Zevia Soda Coupons (Print or Mail) US/Canada

$2 off Zevia Soda Sample

Zevia Soda Coupons

Would you like some Zevia Soda Coupons? Print a coupon for $1.00 off one 6 pack of Zevia Soda cans – US/Canada.  Either can print or get it mailed.  If you prefer to have the coupon mailed, just click the link indicated you prefer to get the coupons via regular mail.

Sweetened with stevia, Zevia has no artificial sweeteners.  My husband has significant issues with Splenda upsetting his stomach, so we tried Zevia.  He wasn’t very fond of stevia’s aftertaste, but the kids seem to like it ok.  I feel better about them drinking it since Zevia doesn’t have sugar, artificial sweeteners or high-fructose corn syrup.

Be sure to see my other posts about s, stuff for  and 

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What is the Cost of Your Vices

Cost of Your Vices

Cost of Your Vices

Are you willing to be a quitter to save money?  What do you do to save money? Clip coupon?  Try free samples before you buy a product?  Encase your entire house in plastic sheeting to cut energy bills? Do you know the cost of your vices?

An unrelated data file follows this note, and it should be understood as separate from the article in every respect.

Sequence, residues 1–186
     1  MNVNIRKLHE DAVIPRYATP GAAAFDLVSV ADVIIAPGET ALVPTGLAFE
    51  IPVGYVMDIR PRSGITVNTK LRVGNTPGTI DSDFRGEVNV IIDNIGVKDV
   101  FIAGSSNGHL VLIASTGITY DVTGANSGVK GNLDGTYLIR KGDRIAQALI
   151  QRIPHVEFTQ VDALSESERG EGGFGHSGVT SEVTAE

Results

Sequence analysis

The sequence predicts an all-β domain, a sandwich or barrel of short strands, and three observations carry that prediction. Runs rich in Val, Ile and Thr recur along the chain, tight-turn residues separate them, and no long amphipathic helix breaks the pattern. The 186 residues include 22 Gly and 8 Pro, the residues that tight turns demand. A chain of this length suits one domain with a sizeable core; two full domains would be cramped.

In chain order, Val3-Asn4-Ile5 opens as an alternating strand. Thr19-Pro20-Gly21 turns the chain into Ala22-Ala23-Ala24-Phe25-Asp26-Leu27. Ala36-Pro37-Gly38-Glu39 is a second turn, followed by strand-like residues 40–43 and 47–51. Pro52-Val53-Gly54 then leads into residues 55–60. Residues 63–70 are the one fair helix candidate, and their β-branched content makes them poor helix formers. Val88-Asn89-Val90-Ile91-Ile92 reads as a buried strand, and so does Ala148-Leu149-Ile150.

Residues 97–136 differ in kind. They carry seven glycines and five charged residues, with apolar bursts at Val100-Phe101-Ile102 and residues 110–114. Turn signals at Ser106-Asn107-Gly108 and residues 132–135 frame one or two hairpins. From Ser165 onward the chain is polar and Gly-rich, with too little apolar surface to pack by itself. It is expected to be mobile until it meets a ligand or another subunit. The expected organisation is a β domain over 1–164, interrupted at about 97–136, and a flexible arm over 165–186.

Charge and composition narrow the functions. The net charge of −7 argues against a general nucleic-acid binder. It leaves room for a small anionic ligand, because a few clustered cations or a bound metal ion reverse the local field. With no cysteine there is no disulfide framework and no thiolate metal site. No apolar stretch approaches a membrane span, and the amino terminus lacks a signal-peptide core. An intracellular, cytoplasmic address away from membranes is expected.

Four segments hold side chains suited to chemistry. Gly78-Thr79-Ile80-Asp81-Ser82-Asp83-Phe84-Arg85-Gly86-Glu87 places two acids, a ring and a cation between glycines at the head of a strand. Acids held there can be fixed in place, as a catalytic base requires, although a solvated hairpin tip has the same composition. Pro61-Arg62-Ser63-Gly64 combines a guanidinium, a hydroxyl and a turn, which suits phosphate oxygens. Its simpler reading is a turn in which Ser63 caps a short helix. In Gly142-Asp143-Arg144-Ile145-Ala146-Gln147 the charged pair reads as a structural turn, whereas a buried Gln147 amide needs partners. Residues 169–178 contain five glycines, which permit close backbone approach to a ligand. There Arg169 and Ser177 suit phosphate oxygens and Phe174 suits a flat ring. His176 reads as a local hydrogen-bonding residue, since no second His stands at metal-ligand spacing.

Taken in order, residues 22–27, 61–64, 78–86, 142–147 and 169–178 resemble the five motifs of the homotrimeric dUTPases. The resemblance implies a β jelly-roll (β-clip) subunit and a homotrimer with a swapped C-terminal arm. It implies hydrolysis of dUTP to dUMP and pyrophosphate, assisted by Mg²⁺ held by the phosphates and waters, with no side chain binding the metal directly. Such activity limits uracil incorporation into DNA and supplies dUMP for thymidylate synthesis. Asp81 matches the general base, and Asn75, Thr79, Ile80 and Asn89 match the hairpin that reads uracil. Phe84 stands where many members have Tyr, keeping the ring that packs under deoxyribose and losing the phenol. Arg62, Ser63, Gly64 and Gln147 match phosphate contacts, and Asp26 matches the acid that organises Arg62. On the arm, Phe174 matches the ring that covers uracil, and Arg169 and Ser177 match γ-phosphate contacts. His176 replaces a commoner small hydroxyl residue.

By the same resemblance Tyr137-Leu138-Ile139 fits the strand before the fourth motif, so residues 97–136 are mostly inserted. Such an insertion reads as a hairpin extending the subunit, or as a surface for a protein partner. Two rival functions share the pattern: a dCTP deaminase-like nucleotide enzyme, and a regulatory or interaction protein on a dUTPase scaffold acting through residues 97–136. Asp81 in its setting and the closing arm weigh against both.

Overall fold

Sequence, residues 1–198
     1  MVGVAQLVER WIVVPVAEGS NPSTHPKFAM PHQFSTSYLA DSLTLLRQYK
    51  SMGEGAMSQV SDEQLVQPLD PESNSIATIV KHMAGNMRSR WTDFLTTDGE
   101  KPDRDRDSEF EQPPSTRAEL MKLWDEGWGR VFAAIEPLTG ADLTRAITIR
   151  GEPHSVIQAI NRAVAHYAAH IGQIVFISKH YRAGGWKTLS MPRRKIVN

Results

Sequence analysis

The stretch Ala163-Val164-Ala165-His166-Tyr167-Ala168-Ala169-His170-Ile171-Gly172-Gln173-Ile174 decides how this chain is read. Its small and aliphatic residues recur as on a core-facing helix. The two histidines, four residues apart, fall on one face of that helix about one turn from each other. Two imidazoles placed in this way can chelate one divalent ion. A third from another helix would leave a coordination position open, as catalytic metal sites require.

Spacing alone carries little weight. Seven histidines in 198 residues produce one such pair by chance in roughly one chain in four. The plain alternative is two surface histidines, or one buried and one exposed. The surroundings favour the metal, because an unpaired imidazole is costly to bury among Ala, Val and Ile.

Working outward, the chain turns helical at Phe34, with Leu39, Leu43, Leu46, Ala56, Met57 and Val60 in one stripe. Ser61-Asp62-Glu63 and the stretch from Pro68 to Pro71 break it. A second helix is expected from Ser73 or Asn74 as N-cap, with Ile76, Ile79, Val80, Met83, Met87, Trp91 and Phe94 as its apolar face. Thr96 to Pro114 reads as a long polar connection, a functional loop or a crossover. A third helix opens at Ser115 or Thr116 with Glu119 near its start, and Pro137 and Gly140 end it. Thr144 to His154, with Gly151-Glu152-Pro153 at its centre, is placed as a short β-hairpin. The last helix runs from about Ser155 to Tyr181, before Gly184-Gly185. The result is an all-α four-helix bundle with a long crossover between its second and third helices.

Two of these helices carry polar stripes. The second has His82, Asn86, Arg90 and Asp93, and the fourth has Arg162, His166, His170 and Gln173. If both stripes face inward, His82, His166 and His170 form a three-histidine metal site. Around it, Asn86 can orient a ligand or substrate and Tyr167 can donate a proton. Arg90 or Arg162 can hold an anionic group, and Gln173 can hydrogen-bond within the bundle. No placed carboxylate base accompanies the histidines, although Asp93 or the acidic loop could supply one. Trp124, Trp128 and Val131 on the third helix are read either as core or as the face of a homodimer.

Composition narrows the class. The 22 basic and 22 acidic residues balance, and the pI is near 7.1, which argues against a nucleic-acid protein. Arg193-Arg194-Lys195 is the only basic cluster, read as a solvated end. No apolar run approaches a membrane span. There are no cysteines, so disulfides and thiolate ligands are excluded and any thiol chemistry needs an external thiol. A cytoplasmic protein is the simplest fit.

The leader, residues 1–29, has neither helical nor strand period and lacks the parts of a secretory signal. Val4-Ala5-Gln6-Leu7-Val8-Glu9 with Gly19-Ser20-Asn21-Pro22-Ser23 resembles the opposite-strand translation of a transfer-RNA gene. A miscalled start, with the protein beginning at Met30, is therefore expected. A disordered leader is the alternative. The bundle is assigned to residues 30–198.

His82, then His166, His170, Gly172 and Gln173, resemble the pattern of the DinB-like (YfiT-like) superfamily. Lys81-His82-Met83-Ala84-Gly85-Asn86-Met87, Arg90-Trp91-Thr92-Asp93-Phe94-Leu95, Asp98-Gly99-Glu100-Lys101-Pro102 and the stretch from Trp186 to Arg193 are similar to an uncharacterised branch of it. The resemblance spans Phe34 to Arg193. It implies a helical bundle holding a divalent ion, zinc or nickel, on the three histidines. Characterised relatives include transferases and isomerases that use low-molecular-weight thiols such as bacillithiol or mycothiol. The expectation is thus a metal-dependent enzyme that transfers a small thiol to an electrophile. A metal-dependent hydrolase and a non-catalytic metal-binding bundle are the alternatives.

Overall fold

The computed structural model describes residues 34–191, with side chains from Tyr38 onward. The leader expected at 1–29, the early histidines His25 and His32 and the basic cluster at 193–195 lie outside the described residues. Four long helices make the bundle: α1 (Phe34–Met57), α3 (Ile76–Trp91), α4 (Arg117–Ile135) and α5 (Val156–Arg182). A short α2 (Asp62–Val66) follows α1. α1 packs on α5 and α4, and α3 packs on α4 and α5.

That weekly lottery ticket and daily latte may cost more than you expect.

I found this cool tool on eBay Deals called the “Cost of Your Vices.”  Just answer the questions about your lifestyle and they will give you an estimate of how much money you could save.

Just out of curiosity, I ran the “Cost of your Vices” tool for myself.  Wanna see my results?

  • Smoking: I don’t smoke.
  • Coffee Consumption: I do drink coffee sometimes.  I’ve recently cut back from 2-3 cups to a few cups a week.  I selected one cup a day as an average.
  • Alcohol: I drink about 2-3 mixed drinks or glasses of wine a week.
  • Fast Food: I’m a vegetarian, so I rarely eat fast food.  Other than a baked potato from Wendy’s or burritos from Chipotle, I find fast food completely unappealing.  Since I definitely don’t eat these items on a weekly basis, I selected the “I don’t eat fast food” option.
  • Lottery Tickets: I don’t buy lottery tickets, but my husband sometimes does.  However, he rarely buys them and, when he does, he only purchases one or two.  Since the lowest option was 7 lottery tickets a week and our consumption is less than one a month, I selected that we don’t buy lottery tickets.  While we do buy them, less than one lottery ticket a month is a long way from 28 lottery tickets a month.